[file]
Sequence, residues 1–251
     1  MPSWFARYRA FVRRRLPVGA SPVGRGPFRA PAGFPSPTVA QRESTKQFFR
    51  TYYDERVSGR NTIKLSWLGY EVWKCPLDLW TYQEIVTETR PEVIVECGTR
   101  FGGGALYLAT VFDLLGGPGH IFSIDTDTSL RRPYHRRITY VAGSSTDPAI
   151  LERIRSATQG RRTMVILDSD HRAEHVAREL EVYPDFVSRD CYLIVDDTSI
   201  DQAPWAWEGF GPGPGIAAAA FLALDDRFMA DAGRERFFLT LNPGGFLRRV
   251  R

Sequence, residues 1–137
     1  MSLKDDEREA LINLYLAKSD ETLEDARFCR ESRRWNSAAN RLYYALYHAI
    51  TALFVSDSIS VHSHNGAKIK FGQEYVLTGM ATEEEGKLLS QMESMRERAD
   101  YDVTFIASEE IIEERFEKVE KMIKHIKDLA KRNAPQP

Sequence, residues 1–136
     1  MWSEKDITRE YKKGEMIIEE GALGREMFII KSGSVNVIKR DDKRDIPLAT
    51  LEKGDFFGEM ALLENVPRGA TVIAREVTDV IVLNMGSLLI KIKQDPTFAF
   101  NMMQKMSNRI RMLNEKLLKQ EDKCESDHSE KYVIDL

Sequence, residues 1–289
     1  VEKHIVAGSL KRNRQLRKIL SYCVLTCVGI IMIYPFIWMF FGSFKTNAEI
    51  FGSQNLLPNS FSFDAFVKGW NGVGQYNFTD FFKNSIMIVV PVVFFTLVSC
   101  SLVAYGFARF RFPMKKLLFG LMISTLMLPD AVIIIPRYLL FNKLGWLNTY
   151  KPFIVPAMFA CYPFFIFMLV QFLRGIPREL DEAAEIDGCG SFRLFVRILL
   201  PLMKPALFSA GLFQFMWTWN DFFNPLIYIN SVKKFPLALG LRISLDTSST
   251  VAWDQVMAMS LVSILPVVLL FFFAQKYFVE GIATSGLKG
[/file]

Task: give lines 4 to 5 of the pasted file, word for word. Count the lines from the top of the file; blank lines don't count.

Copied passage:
   101  FGGGALYLAT VFDLLGGPGH IFSIDTDTSL RRPYHRRITY VAGSSTDPAI
   151  LERIRSATQG RRTMVILDSD HRAEHVAREL EVYPDFVSRD CYLIVDDTSI